Anti-Loss & Item Location Device Using Arduino and Bluetooth App

This project design, Anti-Loss And Item Location Device, implements a Bluetooth tracking tag-sized device that is attached user’s items as against losing them or misplacing them.  The tracking system uses an android based platform app that is connected via Bluetooth to the smart tag tracker. The Bluetooth tracker was designed to have both an in-range notification and an out-range notification to signal the user about the proximity status of his/her belongings. It provides users a button on the Android screen that can be pressed, which makes the portable tag-sized tracker give out a notification beep that users can follow to ascertain the exact location of the item. The design was constructed to save power and ensure its durability by making use of a replaceable battery and relies on the phone to do all the ‘heavy lifting’ when it comes to data transmission in Bluetooth mode.

Anti-Loss And Item Location Device: The Android app
Anti-Loss And Item Location Device: The Android app

Anti-Loss And Item Location Device: The Components Needed

9V Battery1
LM7805 5V regulator IC1
10K, 1K resistors3
Atmega328P IC1
16MHz Crystal1
NPN resistor1
piezo buzzer1
Bluetooth module HC-051
Dc SPST switch1

Anti-Loss And Item Location Device: The Circuit Diagram

Circuit diagram of Anti-Loss And Item Location Device
Circuit diagram of Anti-Loss And Item Location Device

The circuit diagram shown above shows how the Atmega328P IC is connected to the Bluetooth module and other peripherals in the project to make up the design. We connected both the Bluetooth module and the Atmega328P IC to the 5V output from the voltage regulator LM7805.

Setting Up And Designing the Android App On MIT AppInventor

The app was created using the MIT App Inventor. Below is a snippet of the block codes.

Anti-Loss And Item Location Device; creating the app online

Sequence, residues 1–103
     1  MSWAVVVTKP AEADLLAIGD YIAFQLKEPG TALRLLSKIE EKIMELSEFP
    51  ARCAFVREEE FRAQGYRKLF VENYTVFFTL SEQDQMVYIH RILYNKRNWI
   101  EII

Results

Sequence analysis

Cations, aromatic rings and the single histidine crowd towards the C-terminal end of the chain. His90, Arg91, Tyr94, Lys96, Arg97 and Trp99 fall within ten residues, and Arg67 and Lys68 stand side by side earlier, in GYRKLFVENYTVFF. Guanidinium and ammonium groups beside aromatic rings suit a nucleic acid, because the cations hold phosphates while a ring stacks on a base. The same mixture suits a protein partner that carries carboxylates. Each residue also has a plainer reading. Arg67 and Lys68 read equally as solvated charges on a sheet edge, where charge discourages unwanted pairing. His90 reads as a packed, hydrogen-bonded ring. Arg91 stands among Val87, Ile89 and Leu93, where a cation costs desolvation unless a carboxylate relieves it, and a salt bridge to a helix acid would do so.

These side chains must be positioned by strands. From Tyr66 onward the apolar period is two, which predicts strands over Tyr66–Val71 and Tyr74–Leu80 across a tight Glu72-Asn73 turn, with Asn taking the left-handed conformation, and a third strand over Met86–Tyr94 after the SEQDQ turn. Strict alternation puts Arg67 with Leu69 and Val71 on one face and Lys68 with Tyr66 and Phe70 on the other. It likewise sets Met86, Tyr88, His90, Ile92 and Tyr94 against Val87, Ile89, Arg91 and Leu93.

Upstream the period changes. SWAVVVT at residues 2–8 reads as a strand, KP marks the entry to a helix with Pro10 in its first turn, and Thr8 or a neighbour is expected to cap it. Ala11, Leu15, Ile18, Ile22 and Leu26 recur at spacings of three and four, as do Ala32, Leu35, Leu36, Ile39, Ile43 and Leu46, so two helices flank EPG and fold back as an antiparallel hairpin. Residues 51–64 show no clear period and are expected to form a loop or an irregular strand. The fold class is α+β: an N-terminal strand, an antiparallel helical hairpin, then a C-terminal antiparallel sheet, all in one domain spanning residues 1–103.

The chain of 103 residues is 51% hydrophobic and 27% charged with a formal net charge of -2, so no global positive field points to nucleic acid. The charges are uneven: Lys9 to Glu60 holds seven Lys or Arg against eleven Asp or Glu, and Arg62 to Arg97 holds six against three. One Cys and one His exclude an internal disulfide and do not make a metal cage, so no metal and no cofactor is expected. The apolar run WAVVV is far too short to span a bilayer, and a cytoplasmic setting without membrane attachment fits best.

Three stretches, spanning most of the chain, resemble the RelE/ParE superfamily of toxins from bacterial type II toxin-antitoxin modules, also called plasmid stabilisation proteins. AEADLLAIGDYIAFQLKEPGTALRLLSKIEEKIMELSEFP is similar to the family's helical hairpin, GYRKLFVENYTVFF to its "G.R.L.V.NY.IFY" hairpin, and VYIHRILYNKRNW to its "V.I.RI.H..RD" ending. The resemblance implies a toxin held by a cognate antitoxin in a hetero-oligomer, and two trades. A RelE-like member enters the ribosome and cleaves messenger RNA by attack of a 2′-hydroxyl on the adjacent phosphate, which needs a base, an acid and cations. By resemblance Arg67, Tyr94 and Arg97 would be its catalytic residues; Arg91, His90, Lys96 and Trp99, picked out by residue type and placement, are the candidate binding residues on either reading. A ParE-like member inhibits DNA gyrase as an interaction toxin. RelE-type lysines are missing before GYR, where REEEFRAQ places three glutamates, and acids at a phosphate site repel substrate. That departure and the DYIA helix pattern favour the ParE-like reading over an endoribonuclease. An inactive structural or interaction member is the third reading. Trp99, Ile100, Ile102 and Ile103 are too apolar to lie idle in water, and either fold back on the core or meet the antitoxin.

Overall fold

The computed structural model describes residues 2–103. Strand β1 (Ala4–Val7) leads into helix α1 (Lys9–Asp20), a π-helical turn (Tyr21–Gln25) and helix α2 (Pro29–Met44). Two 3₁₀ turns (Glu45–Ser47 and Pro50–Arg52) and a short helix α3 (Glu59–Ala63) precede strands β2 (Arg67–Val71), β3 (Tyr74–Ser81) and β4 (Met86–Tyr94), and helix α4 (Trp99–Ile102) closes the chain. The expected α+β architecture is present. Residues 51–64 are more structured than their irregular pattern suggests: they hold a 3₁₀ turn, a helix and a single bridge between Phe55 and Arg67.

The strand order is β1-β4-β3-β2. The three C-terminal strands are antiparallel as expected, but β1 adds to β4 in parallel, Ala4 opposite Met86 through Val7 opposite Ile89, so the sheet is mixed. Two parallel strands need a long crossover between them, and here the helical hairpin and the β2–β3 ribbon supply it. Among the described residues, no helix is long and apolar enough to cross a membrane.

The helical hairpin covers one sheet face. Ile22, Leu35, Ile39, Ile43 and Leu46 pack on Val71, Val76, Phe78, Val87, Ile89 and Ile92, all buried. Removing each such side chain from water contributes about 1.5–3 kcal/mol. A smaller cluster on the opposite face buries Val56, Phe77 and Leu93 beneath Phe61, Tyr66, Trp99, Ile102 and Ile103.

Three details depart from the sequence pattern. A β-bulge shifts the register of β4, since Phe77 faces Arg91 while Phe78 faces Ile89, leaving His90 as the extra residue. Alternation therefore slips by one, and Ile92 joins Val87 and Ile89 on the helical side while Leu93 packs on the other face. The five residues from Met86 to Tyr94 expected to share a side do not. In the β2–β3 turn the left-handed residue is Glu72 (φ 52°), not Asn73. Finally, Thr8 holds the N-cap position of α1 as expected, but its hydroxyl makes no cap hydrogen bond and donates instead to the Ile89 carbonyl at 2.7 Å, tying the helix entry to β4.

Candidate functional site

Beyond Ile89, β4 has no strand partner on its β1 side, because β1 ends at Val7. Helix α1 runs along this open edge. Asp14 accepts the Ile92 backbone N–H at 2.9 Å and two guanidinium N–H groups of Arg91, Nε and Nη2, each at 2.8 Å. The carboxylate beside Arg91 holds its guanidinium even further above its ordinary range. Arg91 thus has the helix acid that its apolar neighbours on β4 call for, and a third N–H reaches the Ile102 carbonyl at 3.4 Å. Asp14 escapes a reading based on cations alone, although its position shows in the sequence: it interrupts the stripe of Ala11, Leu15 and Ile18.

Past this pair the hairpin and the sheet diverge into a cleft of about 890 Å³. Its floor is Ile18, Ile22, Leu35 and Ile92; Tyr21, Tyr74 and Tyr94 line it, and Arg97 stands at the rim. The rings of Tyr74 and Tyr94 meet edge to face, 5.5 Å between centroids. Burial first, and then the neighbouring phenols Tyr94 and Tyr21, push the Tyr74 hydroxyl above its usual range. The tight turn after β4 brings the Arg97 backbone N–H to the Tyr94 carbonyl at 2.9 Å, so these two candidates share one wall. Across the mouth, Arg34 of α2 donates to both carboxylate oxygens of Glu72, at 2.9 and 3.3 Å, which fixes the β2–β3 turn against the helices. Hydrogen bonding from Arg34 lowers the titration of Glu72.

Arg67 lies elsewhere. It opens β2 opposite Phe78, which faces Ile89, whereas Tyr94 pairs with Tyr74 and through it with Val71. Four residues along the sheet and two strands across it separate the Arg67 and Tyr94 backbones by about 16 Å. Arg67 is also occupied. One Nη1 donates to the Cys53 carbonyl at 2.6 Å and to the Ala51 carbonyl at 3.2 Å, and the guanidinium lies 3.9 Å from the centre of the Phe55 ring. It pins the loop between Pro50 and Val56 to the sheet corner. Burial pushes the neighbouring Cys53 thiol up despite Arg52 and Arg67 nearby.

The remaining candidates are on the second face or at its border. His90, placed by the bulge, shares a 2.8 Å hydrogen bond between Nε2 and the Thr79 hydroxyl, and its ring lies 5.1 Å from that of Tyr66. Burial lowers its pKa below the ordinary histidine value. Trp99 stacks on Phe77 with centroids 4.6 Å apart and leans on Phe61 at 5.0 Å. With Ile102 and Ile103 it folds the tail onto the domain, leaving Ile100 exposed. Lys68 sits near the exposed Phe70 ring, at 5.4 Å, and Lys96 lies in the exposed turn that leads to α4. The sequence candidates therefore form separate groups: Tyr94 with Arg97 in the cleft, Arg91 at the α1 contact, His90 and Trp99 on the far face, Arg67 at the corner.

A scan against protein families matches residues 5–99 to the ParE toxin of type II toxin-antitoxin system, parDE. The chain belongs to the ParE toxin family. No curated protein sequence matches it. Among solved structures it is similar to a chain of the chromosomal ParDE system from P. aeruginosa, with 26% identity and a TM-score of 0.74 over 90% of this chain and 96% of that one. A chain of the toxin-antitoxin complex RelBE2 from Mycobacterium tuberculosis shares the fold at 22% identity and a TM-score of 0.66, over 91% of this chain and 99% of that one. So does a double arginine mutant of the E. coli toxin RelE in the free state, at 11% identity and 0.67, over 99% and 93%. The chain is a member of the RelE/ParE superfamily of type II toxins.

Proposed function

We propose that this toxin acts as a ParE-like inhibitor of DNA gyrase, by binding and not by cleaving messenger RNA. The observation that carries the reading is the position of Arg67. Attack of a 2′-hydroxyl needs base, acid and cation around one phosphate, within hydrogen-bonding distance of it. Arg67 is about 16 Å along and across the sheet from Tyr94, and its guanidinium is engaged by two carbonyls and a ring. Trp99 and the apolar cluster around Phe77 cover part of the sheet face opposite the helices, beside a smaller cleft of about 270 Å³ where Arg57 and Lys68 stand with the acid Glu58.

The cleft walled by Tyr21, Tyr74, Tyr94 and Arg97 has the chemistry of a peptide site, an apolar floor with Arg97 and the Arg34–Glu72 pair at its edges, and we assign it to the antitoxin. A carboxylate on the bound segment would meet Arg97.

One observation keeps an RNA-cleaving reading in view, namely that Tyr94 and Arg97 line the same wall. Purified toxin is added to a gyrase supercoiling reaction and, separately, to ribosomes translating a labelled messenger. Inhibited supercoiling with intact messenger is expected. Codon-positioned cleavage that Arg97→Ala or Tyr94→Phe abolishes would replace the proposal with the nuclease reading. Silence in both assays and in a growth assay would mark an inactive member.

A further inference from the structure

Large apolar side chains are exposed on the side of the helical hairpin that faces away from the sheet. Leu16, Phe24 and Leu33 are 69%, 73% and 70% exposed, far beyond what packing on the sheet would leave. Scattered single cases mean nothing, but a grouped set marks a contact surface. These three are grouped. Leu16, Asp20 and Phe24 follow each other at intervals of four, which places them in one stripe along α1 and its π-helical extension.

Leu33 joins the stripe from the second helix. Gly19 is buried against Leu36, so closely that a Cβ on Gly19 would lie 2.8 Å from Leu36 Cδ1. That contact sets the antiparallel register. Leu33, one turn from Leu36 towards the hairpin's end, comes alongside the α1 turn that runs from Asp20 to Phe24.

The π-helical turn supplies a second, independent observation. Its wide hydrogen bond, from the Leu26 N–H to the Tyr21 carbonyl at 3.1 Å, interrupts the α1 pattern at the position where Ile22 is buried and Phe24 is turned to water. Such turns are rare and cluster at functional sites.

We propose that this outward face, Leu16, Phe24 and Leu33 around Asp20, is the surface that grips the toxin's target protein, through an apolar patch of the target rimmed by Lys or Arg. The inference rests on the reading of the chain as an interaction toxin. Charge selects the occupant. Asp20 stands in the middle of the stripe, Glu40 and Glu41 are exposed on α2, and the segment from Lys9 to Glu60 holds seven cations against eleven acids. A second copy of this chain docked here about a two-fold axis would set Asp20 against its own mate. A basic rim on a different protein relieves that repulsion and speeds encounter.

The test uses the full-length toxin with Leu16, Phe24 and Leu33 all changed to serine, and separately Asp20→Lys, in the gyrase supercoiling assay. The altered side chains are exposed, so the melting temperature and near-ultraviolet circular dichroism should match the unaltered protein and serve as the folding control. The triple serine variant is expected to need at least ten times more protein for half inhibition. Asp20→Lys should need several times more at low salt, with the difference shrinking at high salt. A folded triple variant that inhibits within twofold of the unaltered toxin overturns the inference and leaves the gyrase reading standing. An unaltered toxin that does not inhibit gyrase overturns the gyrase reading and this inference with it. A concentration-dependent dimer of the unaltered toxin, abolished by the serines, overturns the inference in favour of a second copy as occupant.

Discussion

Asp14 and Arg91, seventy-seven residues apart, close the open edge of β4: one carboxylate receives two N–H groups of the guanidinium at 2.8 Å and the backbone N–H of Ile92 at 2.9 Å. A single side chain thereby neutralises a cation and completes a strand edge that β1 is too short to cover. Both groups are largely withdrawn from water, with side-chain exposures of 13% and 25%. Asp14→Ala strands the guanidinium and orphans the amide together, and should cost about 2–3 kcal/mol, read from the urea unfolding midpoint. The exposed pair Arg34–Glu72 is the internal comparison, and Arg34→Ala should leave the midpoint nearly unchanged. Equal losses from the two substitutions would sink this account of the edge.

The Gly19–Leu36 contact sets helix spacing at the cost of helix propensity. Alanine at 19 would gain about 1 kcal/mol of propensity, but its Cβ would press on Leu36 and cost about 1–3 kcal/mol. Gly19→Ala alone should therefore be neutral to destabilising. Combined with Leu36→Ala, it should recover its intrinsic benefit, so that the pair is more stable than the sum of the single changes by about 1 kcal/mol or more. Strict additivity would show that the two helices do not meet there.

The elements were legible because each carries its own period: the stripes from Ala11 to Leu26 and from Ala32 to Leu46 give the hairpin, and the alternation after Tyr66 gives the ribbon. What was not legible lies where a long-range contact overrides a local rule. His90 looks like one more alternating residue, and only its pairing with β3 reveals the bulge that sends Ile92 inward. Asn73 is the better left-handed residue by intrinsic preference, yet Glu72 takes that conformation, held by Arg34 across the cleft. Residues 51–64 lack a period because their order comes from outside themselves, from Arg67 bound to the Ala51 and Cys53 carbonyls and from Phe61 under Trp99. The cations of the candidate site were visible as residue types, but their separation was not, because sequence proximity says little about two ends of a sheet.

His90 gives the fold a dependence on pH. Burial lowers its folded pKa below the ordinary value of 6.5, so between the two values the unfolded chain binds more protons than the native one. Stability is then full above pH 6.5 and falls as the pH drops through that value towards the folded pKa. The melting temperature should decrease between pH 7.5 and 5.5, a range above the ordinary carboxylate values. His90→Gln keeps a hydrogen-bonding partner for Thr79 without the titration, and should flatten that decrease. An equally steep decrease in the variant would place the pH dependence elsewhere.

Anti-Loss And Item Location Device; creating the app online

In the app called Ibukun_mark2, our goal was to make the app auto reconnect, that way we can always detect when the app disconnects. And prompt it to notify us and also program it to automatically reconnect when within connection range. The easiest way would be to input the HC-05 address in the screen1.initialize block such that if the Bluetoothclient1 calls that address on startup, it can connect on its own. Then add notifier to shows us successful connection.But this would only limit us to using only one Bluetooth module. This isn’very practical so we had to invent another method. We wanted an app that when we click the bluetooth (BT) button to bring up a list of paired devices. We select one of the paired devices, in my case the HC-05. And If the connection is successful the BT button changes to “Connected”; plays a tone. Leaving us the address of the connected BT device is displayed on screen. Plays another tone when disconnected and autoreconnects when within the paired Bluetooth device range. There are only a few screen elements to note:

  • A button to activate the connection process.
  • A label to show the saved address.
  • The non-visible components required are:
    • TinyDB.
    • Clock1.
    • And of course the Bluetooth client.